A model for distributed systems based on graph rewriting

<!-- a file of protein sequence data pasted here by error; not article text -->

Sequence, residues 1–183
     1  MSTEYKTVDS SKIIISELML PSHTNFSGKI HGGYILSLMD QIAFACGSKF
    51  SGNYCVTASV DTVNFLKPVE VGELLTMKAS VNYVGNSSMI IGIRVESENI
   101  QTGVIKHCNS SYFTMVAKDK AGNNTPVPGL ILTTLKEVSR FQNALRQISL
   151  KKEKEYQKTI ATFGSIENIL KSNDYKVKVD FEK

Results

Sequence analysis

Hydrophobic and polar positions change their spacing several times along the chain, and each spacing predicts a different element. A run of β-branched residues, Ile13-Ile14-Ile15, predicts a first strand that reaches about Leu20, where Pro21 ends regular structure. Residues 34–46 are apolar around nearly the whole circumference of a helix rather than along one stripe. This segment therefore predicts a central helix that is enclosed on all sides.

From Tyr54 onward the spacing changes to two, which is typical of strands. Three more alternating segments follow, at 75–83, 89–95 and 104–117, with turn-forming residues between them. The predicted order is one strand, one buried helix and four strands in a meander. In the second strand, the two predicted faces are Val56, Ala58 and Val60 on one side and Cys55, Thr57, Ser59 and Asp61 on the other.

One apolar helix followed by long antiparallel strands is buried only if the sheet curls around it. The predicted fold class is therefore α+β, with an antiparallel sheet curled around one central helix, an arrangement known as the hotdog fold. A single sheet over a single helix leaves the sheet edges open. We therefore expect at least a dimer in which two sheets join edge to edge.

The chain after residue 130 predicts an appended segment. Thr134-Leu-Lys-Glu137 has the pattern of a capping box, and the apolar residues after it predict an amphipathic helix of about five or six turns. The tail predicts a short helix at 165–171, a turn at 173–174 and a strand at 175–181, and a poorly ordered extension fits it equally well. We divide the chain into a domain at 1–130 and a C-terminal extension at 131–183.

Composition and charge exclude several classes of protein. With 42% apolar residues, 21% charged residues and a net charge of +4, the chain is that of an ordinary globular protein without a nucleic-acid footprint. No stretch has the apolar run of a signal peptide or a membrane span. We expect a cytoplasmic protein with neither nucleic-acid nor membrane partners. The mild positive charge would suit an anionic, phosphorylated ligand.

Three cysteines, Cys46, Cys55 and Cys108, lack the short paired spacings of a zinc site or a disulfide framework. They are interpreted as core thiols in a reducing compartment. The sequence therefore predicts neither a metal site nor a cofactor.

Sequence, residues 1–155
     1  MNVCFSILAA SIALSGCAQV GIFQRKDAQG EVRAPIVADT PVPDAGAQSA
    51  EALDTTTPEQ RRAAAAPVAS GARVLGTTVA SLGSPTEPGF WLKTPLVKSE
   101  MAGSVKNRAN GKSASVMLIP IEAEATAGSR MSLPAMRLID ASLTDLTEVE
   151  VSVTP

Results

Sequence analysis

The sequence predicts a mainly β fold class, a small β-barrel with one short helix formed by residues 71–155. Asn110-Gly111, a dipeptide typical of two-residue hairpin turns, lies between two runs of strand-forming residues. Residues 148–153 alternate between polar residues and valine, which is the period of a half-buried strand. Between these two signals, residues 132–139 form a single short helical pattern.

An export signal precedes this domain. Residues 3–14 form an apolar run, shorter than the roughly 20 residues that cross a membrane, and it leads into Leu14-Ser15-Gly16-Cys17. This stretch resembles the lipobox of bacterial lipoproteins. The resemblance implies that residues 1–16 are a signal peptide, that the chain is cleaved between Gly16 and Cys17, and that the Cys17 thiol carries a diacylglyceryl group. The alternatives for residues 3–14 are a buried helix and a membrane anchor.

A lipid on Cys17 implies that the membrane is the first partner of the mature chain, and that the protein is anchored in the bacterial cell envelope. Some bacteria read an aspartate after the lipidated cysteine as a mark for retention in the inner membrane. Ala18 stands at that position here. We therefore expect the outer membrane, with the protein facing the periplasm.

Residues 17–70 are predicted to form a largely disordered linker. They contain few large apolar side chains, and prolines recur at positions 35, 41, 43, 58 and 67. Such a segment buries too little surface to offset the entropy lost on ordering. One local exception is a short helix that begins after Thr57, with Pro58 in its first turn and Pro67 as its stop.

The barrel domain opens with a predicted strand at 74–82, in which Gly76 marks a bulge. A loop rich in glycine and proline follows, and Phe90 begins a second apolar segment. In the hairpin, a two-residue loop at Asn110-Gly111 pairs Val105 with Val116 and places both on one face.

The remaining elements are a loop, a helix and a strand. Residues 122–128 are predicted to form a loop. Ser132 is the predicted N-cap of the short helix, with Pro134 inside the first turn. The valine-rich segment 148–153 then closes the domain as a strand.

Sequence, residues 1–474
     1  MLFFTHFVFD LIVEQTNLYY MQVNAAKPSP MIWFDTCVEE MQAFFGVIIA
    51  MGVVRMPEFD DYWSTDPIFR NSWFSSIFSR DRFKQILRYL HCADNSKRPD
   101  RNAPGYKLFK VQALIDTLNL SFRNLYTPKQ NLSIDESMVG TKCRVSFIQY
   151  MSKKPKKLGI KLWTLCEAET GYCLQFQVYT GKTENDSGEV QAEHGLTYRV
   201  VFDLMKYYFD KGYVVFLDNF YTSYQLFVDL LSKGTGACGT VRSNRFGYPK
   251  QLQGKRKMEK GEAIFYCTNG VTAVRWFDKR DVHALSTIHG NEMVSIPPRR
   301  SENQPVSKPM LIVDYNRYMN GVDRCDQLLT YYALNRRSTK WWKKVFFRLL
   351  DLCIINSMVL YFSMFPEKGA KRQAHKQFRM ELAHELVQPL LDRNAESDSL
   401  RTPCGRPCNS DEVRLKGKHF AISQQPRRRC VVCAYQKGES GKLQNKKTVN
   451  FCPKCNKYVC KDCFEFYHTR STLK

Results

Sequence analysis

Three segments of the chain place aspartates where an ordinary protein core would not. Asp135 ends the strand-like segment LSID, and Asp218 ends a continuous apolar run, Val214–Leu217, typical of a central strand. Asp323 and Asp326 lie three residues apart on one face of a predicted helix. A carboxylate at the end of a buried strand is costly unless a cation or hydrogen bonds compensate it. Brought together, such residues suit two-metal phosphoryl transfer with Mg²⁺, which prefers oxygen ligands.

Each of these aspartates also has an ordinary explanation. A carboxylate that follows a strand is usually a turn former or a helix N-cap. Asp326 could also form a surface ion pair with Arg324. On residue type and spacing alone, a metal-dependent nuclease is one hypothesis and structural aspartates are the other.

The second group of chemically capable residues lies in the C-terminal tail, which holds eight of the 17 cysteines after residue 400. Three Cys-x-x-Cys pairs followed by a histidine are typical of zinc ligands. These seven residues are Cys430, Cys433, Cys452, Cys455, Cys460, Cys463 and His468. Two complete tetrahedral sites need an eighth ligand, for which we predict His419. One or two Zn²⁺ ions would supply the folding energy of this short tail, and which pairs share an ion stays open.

In our model, a graph describes a net of processes communicating through ports and, at the same time, its computation history consisting of a partial ordering of events. Stand-alone evolution of processes is specified by context-free productions. From productions and a basic synchronization mechanism, a set of context-sensitive rewriting rules that models the evolution of processes connected to the same ports can be derived. A computation is a sequence of graphs obtained by successive rewritings. The result of a finite computation is its last graph, whereas the result of an infinite computation is the limit, infinite graph defined through a completion technique based on metric spaces. A result characterizes a concurrent computation, since it abstracts from any particular interleaving of concurrent events, while in the meantime providing information about termination, partial or complete deadlocks, and fairness. Not every result is acceptable, however, but only the computations that produce a result no longer rewritable are successful. Infinite successful computations are shown to coincide with weakly fair computations, and a scheduler yielding all and only such computations is defined.